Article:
Vacancy for Chief Inspector of Rail Accidents

Dai Corner

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In April 2021, in RAIB’s Annual Report, Simon French, the Chief Inspector of the Rail Accident Investigation Branch, announced his intention to retire after 39 years in the railway industry and 17 years at RAIB. Although Simon will continue in the role for the time being, the Department for Transport is now in the process of recruiting a successor.

Should you wish to be considered for this exciting and challenging role, you can apply via the Civil Service Jobs web site.

Anybody fancy this position?
 
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RailUK Forums

swt_passenger

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From the job spec:

Ability to read RailUKForums for advice on what RAIB are supposed to be doing - essential. :D
 

Highlandspring

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It would be quite something if someone from this forum decided to apply and got it....

I had a good chat with Simon French once. He's a nice guy; very approachable, knowledgable and a genuine railwayman.
 

Dai Corner

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It would be quite something if someone from this forum decided to apply and got it....

I had a good chat with Simon French once. He's a nice guy; very approachable, knowledgable and a genuine railwayman.
I wonder if applicants will be asked to disclose any forum pseudonyms? :D

And is Simon any relation to Roger French, the retired bus company manager and now public transport blogger?
 

tiptoptaff

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Does it need to be a railwaymen applying?

And by that I mean, as I don't know, could it potentially go to one of the senior investors from one of the other accident investigation branches?

Seems to me that it's the experience in managing investigations and investigators that's more essential than specific railway knowledge, although it would help
 

Highlandspring

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Does it need to be a railwaymen applying?

And by that I mean, as I don't know, could it potentially go to one of the senior investors from one of the other accident investigation branches?

Seems to me that it's the experience in managing investigations and investigators that's more essential than specific railway knowledge, although it would help

I've mentioned it here before but a couple of RAIB inspectors I've dealt with didn't have backgrounds in the rail industry but had been safety professionals in other industries. Once you're applying for civil service jobs at that level your everyday 'work experience' becomes much less important.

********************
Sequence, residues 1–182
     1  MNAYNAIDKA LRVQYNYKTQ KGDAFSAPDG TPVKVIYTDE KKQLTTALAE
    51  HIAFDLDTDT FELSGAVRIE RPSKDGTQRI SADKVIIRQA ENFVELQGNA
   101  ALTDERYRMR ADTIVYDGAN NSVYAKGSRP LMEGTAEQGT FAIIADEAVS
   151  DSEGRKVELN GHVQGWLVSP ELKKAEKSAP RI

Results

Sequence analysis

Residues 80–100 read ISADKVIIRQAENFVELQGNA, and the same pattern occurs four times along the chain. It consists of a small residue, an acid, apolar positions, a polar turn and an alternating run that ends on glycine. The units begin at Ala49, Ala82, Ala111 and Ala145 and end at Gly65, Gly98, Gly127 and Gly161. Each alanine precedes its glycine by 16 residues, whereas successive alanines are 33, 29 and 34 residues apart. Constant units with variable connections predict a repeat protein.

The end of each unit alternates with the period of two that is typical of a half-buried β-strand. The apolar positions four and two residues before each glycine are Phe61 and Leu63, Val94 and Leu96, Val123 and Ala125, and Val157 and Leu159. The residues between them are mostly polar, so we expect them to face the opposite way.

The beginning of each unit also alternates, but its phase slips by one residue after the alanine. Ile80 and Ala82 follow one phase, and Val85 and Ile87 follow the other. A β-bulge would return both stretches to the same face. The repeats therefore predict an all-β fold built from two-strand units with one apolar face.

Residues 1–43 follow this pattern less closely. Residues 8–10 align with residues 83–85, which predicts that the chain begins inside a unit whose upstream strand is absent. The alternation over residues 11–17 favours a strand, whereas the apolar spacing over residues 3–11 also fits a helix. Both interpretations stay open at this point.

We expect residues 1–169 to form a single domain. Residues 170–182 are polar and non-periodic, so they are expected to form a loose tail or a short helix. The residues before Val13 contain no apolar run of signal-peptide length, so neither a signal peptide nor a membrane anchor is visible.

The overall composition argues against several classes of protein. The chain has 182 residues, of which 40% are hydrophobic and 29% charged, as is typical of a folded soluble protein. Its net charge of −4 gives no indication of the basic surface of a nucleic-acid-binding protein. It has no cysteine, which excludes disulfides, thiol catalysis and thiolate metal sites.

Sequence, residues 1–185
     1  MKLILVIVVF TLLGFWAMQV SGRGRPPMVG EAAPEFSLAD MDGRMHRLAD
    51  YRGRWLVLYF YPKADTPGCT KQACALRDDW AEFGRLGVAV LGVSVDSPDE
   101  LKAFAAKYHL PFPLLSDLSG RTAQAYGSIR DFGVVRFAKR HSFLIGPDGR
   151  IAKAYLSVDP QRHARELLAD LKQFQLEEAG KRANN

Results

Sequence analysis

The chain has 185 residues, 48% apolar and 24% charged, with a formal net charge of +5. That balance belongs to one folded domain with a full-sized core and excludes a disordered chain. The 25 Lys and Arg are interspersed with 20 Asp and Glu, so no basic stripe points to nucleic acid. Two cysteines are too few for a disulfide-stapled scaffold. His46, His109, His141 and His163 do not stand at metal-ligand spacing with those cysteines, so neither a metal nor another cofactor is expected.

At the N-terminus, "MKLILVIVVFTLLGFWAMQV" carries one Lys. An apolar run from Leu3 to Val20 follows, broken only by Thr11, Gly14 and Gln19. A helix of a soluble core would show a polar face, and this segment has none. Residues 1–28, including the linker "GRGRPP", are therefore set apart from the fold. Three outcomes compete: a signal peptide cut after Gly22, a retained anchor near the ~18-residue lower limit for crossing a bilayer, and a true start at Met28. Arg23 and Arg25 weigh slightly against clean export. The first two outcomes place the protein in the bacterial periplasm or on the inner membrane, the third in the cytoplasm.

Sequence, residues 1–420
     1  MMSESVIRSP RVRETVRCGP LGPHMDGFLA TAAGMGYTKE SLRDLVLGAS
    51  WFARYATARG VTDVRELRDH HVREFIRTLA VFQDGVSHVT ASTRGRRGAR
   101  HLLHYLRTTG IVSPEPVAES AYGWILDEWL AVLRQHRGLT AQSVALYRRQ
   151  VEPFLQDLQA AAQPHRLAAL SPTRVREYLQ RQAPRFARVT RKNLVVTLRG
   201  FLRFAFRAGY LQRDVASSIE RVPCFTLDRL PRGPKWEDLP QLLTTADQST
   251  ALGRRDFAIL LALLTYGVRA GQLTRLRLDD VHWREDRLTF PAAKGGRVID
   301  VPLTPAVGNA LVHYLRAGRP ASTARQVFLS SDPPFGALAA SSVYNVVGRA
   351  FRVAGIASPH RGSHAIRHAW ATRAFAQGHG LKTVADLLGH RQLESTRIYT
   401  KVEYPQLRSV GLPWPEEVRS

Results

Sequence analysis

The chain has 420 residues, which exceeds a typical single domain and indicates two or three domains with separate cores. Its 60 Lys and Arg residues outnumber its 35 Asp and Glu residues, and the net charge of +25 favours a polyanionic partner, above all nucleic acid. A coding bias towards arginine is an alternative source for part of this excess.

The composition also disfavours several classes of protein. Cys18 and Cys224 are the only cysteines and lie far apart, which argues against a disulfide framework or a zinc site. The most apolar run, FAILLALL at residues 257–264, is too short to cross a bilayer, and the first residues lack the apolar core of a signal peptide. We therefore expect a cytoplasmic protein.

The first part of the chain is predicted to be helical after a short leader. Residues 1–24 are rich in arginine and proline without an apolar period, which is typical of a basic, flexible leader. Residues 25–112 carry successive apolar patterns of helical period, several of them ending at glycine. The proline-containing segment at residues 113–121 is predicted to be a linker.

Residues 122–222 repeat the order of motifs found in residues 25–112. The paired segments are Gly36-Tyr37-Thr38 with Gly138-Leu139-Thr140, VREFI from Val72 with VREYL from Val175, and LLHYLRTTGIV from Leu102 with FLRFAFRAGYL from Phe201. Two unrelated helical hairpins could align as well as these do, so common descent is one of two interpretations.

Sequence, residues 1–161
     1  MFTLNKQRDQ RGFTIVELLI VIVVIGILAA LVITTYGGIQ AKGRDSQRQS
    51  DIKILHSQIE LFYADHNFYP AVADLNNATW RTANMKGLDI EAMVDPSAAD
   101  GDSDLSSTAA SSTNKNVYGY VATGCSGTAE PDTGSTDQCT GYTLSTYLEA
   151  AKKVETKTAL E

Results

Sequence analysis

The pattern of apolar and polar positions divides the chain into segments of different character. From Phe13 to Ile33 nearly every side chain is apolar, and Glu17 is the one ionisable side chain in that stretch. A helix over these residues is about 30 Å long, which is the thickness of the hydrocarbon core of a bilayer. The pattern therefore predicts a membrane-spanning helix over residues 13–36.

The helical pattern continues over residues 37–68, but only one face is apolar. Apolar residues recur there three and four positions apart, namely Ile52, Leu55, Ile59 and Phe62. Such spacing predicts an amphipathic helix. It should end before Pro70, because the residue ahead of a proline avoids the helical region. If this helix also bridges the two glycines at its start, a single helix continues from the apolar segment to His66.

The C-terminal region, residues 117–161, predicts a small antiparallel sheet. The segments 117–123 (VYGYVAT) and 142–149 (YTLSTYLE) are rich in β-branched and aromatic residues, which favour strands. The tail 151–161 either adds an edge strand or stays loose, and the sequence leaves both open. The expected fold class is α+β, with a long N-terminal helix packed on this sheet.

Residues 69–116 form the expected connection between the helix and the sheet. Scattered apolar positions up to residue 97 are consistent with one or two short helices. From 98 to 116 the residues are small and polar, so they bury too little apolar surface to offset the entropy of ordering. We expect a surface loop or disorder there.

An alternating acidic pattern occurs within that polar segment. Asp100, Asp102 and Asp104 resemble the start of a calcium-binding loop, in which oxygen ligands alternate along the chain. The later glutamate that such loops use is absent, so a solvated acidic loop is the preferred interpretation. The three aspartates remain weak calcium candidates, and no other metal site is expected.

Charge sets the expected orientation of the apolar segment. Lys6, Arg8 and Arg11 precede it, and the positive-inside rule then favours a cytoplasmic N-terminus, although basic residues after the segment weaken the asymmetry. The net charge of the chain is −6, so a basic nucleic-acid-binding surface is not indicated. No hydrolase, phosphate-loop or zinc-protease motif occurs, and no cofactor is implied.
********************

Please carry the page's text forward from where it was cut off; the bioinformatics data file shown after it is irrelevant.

Taunton

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I've mentioned it here before but a couple of RAIB inspectors I've dealt with didn't have backgrounds in the rail industry but had been safety professionals in other industries. Once you're applying for civil service jobs at that level your everyday 'work experience' becomes much less important.
The Health & Safety Inspectorate got hold of rail accident investigations for a while in the 1990s, and the resulting reports from non-industry professional inspectors who were slid in were sometimes, quite frankly, a joke. It was a significant part of why the RAIB was set up in the first place in 2005.

It's like saying does The Pope have to be a Catholic ...
 

Highlandspring

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The Health & Safety Inspectorate got hold of rail accident investigations for a while in the 1990s, and the resulting reports from non-industry professional inspectors who were slid in were sometimes, quite frankly, a joke. It was a significant part of why the RAIB was set up in the first place in 2005.

I certainly agree with that statement. Some of the HSE investigation reports were lamentable.
 

FGW_DID

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Plenty of ‘experts‘ here on RUKF it amazes me how the majority of them aren’t in the rail industry already!!
 
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greatkingrat

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The Health & Safety Inspectorate got hold of rail accident investigations for a while in the 1990s, and the resulting reports from non-industry professional inspectors who were slid in were sometimes, quite frankly, a joke. It was a significant part of why the RAIB was set up in the first place in 2005.

It's like saying does The Pope have to be a Catholic ...
I doubt the Chief Inspector of Rail Accidents actually writes the RAIB reports himself. The job is more about overall management of the organisation and there is no reason why someone from, say, an air safety background could not potentially do the job.
 

Dave W

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I think the issues Taunton outlined have largely been resolved in setting up RAIB (although I'm sure they'd say they weren't perfect). I'd fully expect his successor to be from the transport industry - in the last few years RAIB have worked more closely with the other AIBs so not beyond the realms a deputy chief at one of those branches might go for it - or of course a deputy chief at RAIB (which Simon French was)

Interesting that it's only at Deputy Director level - although the salary is significantly higher than a "standard" deputy director job across most of gov (the starting salary for a DD in Cabinet Office is £71,000). This is often the way in agencies, arms length bodies, etc - the grade will just be so the new chief will fit snugly into the hierarchy.
 

Yfg132

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Unfortunately most would have to relocate I'd imagine, unless you don't have to be in derby often!
 

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